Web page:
CHEESE 2001 – Raw Milk And Biodiversity

This presentation will be a scientific contribution to the study of traditional production using raw milk. In addition, it seeks to be a testimony of how the world of artisan cheese production is both complex and, at the same time fascinating. The large industrial cheese producers – hiding behind a false mask of wholesomeness – are trying to cancel out this testimony by claiming their products are healthful. Fortunately, the consumer has understood that his real health is at risk in this game – not for the usual reasons but because of the silent invasion of genetically modified foods and other modern phenomena. These new developments are not the fruit of history or of popular tradition, but of biotechnology, and, arguably, of the ongoing globalization process that acts in the interests of so few.

Therefore, it is necessary to know and to understand what these historic products represent and for what reasons they deserve our interest and why they merit safeguarding intervention.

To stay on today’s theme of raw milk, it is certainly one of the factors of bio-diversity that best represents macro- and micro-environmental conditions. The whole and heterogeneous presence of different microbial communities in raw milk – the fruit of centuries of selection – contributes to the characterization and diversification of the cheesemaking and cheese-aging processes of artisan cheese produced using traditional techniques.

It must be emphasized that these processes are characterized by a variety of natural factors defined as the ‘characteristics of bio-diversity’: area of production; animal breed; pasture; raw milk; natural rennet; traditional copper or wooden tools; cheese-aging techniques; and the forming of the cheese. These natural factors give the cheeses a strong biological variability and, therefore, man, the cheesemaker – elevating himself to the rank of artist – must daily gauge his actions with respect to the environment. The cheesemaker must therefore find biological equilibrium among various natural factors, adapting the processes of cheesemaking to environmental characteristics and to the quality of the milk to guarantee the production of a cheese of excellent quality.

The challenge to protect raw milk products is therefore only the first stage in recovering and giving value to these niche artisan products. If raw milk is the only artisan aspect that remains of traditional production, and cheese is made and aged in aseptic environments with aseptic tools, raw milk can not really influence organoleptic characteristics in a decisive manner.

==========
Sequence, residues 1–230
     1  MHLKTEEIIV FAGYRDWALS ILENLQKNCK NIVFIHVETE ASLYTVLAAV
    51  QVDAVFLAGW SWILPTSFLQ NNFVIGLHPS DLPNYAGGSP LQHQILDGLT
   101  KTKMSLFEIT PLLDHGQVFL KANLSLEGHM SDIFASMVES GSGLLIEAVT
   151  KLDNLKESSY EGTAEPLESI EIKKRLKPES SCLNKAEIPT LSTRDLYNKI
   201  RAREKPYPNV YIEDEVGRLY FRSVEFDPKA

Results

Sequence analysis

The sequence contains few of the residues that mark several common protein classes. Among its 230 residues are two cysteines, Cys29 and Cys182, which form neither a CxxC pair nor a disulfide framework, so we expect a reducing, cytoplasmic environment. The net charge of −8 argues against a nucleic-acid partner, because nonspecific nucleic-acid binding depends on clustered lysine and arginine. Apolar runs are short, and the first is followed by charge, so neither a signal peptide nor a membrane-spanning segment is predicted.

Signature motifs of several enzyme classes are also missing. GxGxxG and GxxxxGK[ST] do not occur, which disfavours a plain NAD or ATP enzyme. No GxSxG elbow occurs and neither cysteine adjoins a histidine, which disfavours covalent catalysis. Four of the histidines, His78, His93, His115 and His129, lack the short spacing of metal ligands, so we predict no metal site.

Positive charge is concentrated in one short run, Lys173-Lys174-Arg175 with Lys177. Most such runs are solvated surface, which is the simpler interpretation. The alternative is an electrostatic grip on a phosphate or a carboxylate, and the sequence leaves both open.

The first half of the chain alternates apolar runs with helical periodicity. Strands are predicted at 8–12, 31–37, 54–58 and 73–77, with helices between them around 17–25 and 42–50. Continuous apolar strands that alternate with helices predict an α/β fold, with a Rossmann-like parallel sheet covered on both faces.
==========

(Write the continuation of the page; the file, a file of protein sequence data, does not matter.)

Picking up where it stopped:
The whole system of traditional production, as previously suggested, is the key to a complete and real differentiation in sensory and qualitative quality in these products.

In studies we have conducted, for example, we have been able to ascertain that the use of wooden tools in the production of Ragusano DOP cheese plays an important role in the heritage of auctochthonous microorganisims present in the raw milk because such microorganisms are able to colonize the internal surfaces of the various wooden vats.

Actually, from observations conducted by scanning with an electron microscope the presence of an abundance of extra-cellular matrices surrounded by coccic bacteria cells have been recorded capable of forming a sort of natural biofilm on the inner surface of the round wooden vat in which the milk is curdled.

The coccic bacteria cells, counted and isolated, were identified using techniques of molecular biology that also gave evidence of the following species: Str. Salivarius ssp waiu, Str. Salivarius ssp thermophilus, Lc. Lactis ssp lactis.

Other examples of this phenomenon can be found in the natural cheese-aging caves of ‘Roquefort’ or ‘Formaggio di Fossa’ and other cheeses still. These environments strongly characterize the final products in a way much more marked than in the simple use of raw milk.

In reality, historic and traditional processes must not be considered simply foods, but also testimonies of the heritage of history and culture communicated from one generation to the next, products where man himself is guarantor of the quality and healthfulness of the product. They are also a determining factor for the permanence of the territory and for the quality of life for producers – who certainly merit more recognition from society and from consumers. This is the mission of CoRFiLaC, Slow Food, Oldway, Anfosc, American Cheese Society and the Cheese of Choice Coalition.

Giuseppe Licitra is the President of the Consorzio Ricerca Filiera Lattiero-Casearia in Ragusa, Sicily.

Translated by Anja Fernald

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